Central Te Hoe Hut, via Te Hoe River from Maungataniwha Native Forest. Whirinaki Te Pua-a-Tane Conservation Park. Sat/Sun 27/28 January 2018. Map: BH39
Banner: Ted, Warwick and Nicola making their way up river
Ted organised this trip with his mate Robin Adams so that we had access through the forestry block to Joan Wiffin’s bach. She was the famous New Zealand paleontologist.Following an old geological map indicating reptilian bones in the Te Hoe Valley, she found the tail bone of a theropod dinosaur in the Maungahouanga Valley in northern Hawke’s Bay in 1975.
Joan was the author and co-author of more than a dozen scientific papers and wrote of her achievements in Valley of the Dragons. She died in 2008.
Simon Hall is chairman of a company that makes fruit peel, muesli bars and Christmas cake cherries and is the owner of this 12,000ha bush block. Yes, he says, he could have bought a luxury home. Instead, he’s poured more than $10 million into a private wilderness.Kiwi nest-egg recovery and blue duck monitoring projects are in place. He hopes to control wilding pines enough to let the native forest regenerate. It’s locked to public access but, says Simon: “We are fortunate to have the resources to do a lot more ecological work than on the surrounding Department of Conservation land.”
He welcomes the palaeontologists. “It’s another thing that just makes that forest more interesting.”
Robin Adams escorted the party on the forestry roads and through the locked gates. Thirteen of us had booked onto this overnighter. That’s quite a good number.
The weather was lovely and most of the time there was cloud cover so that we didn’t get too hot. Any time we did, we just jumped into the river. It had plenty of large pools.It’s about a three-hour journey up the Te Hoe River to Central Te Hoe Hut. The river levels were a little higher than normal, with plenty of flow which made the walking poles twang, and plenty of rock-hopping, clambering and scrabbling. Ongaonga on the riverbank proved to be a magnet for some. Poor Fiona fell into one bush of ongaonga and was stingy, itchy and numb for the rest of the trip. She said Nicky’s anti-histamines helped alleviate some of the effects.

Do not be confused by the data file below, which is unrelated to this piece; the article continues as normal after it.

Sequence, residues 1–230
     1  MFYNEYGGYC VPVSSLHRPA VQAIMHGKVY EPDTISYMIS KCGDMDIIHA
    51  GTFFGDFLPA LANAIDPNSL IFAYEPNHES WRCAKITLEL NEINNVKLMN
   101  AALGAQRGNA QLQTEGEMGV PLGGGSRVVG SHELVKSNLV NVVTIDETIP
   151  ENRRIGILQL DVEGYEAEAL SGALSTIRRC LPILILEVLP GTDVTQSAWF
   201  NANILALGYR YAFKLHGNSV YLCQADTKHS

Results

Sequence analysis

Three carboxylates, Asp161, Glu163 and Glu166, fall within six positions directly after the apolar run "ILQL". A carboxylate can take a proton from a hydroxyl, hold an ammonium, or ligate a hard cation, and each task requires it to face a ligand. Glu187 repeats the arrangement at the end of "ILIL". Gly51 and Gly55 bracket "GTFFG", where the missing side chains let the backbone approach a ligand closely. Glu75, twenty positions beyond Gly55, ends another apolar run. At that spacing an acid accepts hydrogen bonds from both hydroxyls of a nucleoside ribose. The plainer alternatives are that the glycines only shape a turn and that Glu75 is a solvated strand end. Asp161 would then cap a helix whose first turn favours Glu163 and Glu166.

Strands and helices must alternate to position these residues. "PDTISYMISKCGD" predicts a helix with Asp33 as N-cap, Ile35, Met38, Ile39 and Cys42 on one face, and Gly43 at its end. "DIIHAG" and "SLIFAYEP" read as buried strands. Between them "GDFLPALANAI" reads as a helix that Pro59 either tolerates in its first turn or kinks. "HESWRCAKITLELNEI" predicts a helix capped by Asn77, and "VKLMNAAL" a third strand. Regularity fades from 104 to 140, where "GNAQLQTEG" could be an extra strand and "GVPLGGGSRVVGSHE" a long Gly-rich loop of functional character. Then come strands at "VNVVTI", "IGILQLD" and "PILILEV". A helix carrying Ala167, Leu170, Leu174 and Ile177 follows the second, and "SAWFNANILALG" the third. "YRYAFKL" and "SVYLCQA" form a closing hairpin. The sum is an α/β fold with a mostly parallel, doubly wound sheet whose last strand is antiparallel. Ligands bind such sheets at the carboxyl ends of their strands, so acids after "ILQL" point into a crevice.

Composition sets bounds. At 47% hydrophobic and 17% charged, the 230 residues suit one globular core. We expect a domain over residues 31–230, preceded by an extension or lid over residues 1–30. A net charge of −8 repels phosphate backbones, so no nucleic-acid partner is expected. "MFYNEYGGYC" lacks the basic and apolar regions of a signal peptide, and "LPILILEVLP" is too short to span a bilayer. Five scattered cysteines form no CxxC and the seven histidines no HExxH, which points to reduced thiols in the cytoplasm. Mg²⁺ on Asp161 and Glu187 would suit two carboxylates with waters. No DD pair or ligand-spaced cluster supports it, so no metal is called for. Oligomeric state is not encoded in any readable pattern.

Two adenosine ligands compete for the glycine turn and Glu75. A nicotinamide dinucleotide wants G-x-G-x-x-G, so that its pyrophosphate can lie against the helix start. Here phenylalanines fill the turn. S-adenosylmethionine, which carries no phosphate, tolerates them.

The gorge was exciting, as we had to wade up to chest height. Keeping our packs dry wasn’t easy and some got their gear wet. Luckily there was no strong current in the gorge so it was very doable.
We eventually got to the hut, walking in two parties. The sun was shining by then and it made the inside of the hut a bit stuffy, so most slept outside. Nicky and Warwick pitched their tent.Les and Julia went on to Mangakahika Hut, another three hours through spectacular Whirinaki native bush. Some windfall on the saddle remains, but was easily negotiated over, around or through.
All in all, a great trip with challenges for everyone, as we made many river crossings and some of the rocks were very slippery, so there were a few tumbles.By 2pm on the Sunday, we were out of the bush and back at the cars with a good two-hour journey back to Napier.
Trampers: Ted Angove, Robin Adams (HB Palaeontology), Warwick Bennett, Nicola Bennett, Fiona Bryant, Brian Mackie (fisherman), Les O’Shea, Roeland Pootjes, Bruce Hodgson, John Stairmand, Mandy Cunningham, Geoff Donkin, Simon Hill and reporters Hilary Heath-Caldwell and Julia Mackie